Skip to main content
Original Issue

Here We Grow

The women's win was a great moment for their sport—but we've been here before. Now can this new energy propel a pro league forward?

WHAT NOW for women's soccer? Well, if you just became a fan, it's easy to find your favorite players from the U.S. (and from their competition in other countries; Hello, Christine Sinclair!) in the nine-team National Women's Soccer League, which continues play through September and saw rising ticket sales last week as part of a post--World Cup surge. As one example, the Houston Dash (home to Carli Lloyd, plus fellow U.S. starters Morgan Brian and Meghan Klingenberg) had a team-record crowd of 13,025 for Sunday's 2--1 loss to the Chicago Red Stars (featuring Christen Press, Lori Chalupny, Shannon Boxx and Julie Johnston, last year's NWSL Rookie of the Year).

The NWSL represents the U.S.'s third attempt at a topflight women's league in the last 15 years, and it keeps owners' costs down by having the U.S. and Canadian soccer federations cover the salaries of their national-team players. The league is in its third season, traditionally a tough one for women's soccer leagues—WUSA went kaput after year three, in 2003; WPS suspended its fourth season, '12, before petering out later. "Our goal is to grow the game, and I think winning the World Cup is going to help that," says midfielder Lauren Holiday, who's retiring from the U.S. team but plans to play the rest of this season with FC Kansas City. "I have faith that our fans are going to buy into the NWSL."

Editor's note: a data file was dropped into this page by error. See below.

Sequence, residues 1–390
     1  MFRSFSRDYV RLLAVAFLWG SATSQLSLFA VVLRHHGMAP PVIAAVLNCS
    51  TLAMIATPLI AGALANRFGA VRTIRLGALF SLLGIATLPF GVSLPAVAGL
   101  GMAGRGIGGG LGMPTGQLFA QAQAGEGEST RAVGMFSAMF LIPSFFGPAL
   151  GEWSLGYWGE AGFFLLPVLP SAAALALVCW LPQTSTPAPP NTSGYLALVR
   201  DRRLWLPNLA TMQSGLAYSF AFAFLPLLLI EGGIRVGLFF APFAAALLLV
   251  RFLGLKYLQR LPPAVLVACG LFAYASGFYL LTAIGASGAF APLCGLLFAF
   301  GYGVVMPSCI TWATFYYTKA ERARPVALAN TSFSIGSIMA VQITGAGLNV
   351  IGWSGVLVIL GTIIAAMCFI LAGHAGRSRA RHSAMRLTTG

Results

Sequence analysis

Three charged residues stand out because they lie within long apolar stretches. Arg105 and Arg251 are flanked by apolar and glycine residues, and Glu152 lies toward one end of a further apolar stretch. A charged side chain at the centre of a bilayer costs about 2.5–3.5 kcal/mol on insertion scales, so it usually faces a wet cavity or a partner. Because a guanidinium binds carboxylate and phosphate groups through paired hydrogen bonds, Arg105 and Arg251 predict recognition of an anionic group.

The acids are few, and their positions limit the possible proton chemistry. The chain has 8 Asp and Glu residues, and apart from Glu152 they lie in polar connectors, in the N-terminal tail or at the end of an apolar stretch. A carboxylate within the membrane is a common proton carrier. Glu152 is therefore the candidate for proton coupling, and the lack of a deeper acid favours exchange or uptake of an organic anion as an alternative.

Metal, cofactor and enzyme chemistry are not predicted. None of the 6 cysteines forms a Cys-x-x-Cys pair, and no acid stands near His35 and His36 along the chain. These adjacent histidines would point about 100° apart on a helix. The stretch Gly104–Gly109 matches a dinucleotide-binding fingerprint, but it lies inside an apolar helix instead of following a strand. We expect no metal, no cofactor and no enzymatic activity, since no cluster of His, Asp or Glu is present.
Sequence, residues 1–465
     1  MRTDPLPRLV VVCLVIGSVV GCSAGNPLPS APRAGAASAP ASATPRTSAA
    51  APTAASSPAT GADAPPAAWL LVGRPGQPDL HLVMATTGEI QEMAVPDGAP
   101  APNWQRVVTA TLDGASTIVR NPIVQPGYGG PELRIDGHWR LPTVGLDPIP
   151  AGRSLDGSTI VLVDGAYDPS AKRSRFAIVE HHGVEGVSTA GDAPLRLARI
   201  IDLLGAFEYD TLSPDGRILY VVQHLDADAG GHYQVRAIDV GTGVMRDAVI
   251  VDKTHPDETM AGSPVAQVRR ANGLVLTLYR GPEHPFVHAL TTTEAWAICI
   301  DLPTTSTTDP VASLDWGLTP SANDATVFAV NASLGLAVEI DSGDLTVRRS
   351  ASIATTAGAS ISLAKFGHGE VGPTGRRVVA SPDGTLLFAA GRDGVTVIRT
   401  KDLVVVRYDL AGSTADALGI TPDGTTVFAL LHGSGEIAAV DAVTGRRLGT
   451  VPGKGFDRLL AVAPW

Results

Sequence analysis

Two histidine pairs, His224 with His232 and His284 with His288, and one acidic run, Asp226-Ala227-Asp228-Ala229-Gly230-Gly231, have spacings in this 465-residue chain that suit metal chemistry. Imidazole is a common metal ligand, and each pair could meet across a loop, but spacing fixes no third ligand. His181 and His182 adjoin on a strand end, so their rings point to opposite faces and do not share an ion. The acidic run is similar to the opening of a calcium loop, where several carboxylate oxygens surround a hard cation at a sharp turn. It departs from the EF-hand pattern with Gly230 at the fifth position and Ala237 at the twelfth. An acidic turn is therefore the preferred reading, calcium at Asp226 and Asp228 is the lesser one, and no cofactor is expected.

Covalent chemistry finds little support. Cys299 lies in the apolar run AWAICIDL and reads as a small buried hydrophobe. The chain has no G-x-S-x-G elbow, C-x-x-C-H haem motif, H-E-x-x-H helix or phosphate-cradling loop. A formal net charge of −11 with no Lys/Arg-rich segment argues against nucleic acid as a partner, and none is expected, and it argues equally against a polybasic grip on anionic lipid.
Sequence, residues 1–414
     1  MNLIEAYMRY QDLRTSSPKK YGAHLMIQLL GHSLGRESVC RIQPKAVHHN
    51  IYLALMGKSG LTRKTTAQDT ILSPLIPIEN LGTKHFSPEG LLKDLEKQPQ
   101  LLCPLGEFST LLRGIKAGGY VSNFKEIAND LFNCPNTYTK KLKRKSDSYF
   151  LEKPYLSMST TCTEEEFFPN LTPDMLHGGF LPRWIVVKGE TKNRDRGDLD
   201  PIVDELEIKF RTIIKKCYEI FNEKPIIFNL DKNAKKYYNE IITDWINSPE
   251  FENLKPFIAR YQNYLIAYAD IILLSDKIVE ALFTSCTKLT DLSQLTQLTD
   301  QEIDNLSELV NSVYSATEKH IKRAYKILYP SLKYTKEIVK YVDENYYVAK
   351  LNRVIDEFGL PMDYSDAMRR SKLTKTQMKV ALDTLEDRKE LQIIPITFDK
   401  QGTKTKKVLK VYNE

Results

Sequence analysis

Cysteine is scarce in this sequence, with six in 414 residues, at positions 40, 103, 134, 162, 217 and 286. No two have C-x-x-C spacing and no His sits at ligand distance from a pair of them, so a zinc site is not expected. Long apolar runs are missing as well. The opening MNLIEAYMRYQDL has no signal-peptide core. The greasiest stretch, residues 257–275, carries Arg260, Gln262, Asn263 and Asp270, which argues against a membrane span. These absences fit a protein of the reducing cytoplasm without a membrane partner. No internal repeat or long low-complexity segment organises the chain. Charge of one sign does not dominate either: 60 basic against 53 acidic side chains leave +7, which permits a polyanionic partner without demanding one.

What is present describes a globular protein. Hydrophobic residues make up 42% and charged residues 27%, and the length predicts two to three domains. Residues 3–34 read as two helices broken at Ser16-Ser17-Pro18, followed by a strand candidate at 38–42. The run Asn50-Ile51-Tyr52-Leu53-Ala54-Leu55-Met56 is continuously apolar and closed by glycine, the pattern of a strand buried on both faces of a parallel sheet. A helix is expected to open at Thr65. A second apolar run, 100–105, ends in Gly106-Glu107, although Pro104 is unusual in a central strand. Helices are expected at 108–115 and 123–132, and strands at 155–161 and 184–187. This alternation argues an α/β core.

Reason not to believe: We've heard this before, to no success. Reason to believe: The NWSL recently announced a new TV deal that will have Fox Sports broadcast six national games, and most of the rest are streamed online, offering critical access and exposure to a growing game. Meanwhile, the U.S. will milk this newfound enthusiasm by playing a 10-game Victory Tour across the country, beginning with an Aug. 16 friendly in Pittsburgh against Costa Rica.

And then? The qualifying tournament for the 2016 Olympics in Brazil (where the U.S. will be aiming for its fourth straight gold medal) takes place in January. For the national team, and for its growing sport: onward.